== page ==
PHOENIX - President Obama's warm reception in sunny Arizona on Wednesday lasted about as long as it took him to step off Air Force One and greet Gov. Jan Brewer.

Brewer, champion of her state's controversial anti-immigration law, welcomed Obama on the tarmac with a handwritten letter and an intense conversation in which, at one point, she pointed her finger at him.

That moment was captured in a photograph quickly and widely posted on news sites. But the governor said that, whatever the picture looks like, she was not acting in anger.

"I've always been kind of animated," she told Capitol Media Services late Wednesday night. "We could have been talking about a lot of different things," Brewer continued, saying she respects the office of the president. "And I would never be disrespectful in that manner."

According to pool reporters who were present Wednesday afternoon, Obama and Brewer seemed to be talking at the same time, seemingly over each another, until he walked away in mid-sentence.

"I started off talking about jobs and the economy," Brewer said late Wednesday of the meeting on the tarmac of Phoenix-Mesa Gateway Airport.

"And he changed the subject to my book. He was a little bit disenchanted about how he was portrayed," she said, though Brewer said the president admitted to reading only "excerpts" of "Scorpions for Breakfast." She characterized his reaction as being "thin-skinned."

A White House official offered this take on the encounter: "The governor handed the president a letter and said she was inviting him to meet with her. The president said he'd be glad to meet with her again, but did note that after their last meeting, a cordial discussion in the Oval Office, the governor inaccurately described the meeting in her book."

After the rocky beginning, Obama's visit went as planned. He used cranes, earthmoving equipment and a computer-chip maker's massive plant-construction project in Chandler as a backdrop to hammer home his ideas for boosting American manufacturing and improving the economic prospects of Americans.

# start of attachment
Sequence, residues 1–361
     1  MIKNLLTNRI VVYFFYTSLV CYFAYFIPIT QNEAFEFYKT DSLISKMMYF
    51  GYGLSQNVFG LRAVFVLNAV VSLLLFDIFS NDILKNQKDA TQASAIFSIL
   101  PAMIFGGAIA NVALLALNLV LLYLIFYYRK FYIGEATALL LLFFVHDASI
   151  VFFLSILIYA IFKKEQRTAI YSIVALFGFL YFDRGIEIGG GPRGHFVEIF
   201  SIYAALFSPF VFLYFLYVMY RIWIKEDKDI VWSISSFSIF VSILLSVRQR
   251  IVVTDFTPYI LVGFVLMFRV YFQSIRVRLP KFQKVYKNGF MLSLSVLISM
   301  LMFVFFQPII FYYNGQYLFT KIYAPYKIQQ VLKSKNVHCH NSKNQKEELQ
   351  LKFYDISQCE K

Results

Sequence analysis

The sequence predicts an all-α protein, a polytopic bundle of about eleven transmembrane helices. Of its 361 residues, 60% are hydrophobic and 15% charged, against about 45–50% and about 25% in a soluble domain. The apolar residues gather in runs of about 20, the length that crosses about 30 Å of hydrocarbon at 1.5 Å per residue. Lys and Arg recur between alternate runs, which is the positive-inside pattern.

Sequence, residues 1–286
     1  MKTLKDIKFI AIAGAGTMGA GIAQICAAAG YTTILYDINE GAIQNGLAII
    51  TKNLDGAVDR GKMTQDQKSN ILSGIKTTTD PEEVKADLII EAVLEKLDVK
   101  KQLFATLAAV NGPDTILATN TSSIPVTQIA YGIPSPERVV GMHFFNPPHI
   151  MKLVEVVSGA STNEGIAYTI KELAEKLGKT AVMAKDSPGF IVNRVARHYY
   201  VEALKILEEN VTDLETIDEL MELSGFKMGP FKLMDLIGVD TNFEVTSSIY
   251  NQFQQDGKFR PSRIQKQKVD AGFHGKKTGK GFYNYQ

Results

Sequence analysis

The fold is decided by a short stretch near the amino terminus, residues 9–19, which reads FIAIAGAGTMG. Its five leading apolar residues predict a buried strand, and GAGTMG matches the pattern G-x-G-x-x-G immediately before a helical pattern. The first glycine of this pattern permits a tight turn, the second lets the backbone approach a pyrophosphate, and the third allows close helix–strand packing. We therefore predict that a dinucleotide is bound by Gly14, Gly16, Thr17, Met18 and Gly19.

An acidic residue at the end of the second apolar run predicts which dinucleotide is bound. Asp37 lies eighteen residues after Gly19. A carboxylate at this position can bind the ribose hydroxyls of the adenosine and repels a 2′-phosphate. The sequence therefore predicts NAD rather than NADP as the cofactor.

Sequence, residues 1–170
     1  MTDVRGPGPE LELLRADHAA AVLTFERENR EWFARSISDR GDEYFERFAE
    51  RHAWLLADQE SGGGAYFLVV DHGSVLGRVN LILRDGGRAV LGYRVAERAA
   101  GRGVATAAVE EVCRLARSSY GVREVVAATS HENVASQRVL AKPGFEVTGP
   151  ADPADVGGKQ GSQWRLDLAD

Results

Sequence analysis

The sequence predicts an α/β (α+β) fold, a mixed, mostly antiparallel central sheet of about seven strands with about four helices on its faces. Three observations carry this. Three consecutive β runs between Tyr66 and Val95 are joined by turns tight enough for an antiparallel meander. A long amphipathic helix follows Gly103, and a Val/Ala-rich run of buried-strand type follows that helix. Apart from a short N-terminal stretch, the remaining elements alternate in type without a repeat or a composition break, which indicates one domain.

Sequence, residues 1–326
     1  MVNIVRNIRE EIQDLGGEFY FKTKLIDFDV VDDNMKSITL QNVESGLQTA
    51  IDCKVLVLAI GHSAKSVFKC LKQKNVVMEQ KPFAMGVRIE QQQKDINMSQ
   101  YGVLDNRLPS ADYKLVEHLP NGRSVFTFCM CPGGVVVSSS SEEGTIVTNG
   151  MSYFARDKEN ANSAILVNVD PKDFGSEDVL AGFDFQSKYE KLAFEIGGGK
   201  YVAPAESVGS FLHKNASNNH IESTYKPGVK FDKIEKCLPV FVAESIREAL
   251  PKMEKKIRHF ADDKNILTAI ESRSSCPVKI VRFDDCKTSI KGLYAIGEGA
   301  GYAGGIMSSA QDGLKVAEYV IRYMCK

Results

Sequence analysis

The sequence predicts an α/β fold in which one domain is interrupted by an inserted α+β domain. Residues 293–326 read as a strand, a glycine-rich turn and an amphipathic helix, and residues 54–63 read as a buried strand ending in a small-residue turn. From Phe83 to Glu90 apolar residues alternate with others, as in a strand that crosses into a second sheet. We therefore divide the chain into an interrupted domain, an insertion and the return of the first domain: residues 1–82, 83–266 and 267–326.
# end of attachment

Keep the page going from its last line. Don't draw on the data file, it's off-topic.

The president said Intel's $5 billion project to build a high-volume semiconductor factory in Chandler represents the type of high-tech jobs the country needs and an America that makes products used around the world.

"We have got to come together and restore the basic American promise," Obama told several thousand people there as he promoted his idea to eliminate tax incentives that make it more attractive for companies to ship jobs overseas.

While the economic struggles of Americans were at the heart of Obama's speech - not attended by Brewer, the president didn't comment on the state's own economic woes and its struggling housing market.

With steel framing from the factory construction in the background, the president said Americans want financial security so they can support their families, help their kids get through college and sock away enough money to retire with dignity.

"We have to renew American values - fair play, shared responsibility," Obama said.

The president's three-hour stop in metro Phoenix briefly put Arizona into the spotlight of presidential politics.

Democrats say the state, known for conservatism, will fall into their column during this presidential election cycle. Republicans maintain the state is still solidly Republican.

Earlier in the day on a visit to Iowa, Obama jogged, grinning, to a rope line of a couple dozen supporters.

"Our economy is getting stronger, and we've come too far to turn back now," he said in Cedar Rapids.